Tag: I-Houses

  • Gothic I-House in Point Breeze

    This house probably dates from the 1870s, making it much earlier than the city neighborhood that filled in around it. Because Point Breeze is such a desirable neighborhood (this house is just around the corner from the Frick Art Museum), it has been worth the expense to restore this house to something like its original appearance.

  • A Rare Survivor on the South Side

    Father Pitt was out for a walk yesterday and suddenly realized that he had spotted an odd anomaly: a country I-house with a neat little yard and a fence and gate—but that’s the top of the Birmingham Bridge right behind it. A little research confirmed what he suspected. This old house is a rare, and maybe even unique, survivor from the time before this part of the South Side was urbanized. It appears on the 1872 layer at the Pittsburgh Historic Maps site, where it is an isolated house along the river in a section the urban sprawl has not reached yet. It belonged to Mrs. Sarah M. Phillips, whose property went all the way back to the river, the banks of which were as yet unencumbered by railroad tracks. The house has been much altered externally, with fake siding and new windows with fake shutters, but the shape (as viewed by satellite) is the same today as on the 1872 map.

  • Condemned House in Sharpsburg

    Condemned house in Sharpsburg

    This house is under sentence of condemnation. There is nothing really special about it, except that it is probably about 150 years old and a good representative of the Gothic I-house. The I-house is a vernacular style of house common in Pennsylvania and much of the Midwest, with a center hall and two rooms on either side. When the simple plan is complicated by a peaked central gable, as in this house, it is it is described as a Gothic I-house. Often the I-house is extended by additions that give it an L shape—and sometimes more than one addition accumulates over the years, as we see with this one, where the smaller addition in the foreground was probably added around the 1920s, to judge by the 3-over-1 window on the second floor.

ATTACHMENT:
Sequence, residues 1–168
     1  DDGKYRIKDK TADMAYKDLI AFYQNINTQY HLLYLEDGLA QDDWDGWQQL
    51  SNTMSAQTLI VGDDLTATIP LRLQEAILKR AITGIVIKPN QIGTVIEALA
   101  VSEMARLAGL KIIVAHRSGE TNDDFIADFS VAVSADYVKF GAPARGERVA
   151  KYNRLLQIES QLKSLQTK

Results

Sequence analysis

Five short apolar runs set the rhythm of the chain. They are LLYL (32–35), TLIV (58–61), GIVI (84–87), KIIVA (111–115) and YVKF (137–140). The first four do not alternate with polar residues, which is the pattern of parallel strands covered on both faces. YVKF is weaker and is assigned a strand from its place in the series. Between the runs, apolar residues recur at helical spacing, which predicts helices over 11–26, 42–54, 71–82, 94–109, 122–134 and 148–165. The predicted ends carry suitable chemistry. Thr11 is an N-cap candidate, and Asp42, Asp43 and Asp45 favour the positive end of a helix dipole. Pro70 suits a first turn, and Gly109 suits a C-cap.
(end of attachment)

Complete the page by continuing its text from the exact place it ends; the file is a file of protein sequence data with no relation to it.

From the side

    Note the pointed vernacular-Gothic windows in the attic.

  • Old Farmhouse, Cranberry Township

    Farmhouse in Cranberry

    This is a typical Pennsylvania I-house with an attractively gingerbreaded front porch. Cranberry Township in Butler County is one of the hottest development zones in the suburbs, but in among the townhouses and shopping centers there are still active farms, and a considerable number of old farmhouses from the middle 1800s. This one could use some touching up here and there, but it might be worth the expense.

    Front porch
    Side view
    Fron a distance

    The silo in the background at right belonged to a barn that has collapsed.

  • I-House in the West End

    House in the West End

    This well-preserved house from 1870 or 1876 (according to different sources) has kept its splendid Victorian ornamental woodwork. Architectural historians would call this an I-house, a standard variety of vernacular house very common in this part of Pennsylvania. Its form is very simple: two floors, each a central hall with a room on the left and a room on the right. Often, as on this house, more rooms are added on the back. For many years this house was used as the parsonage for the Methodist church next door.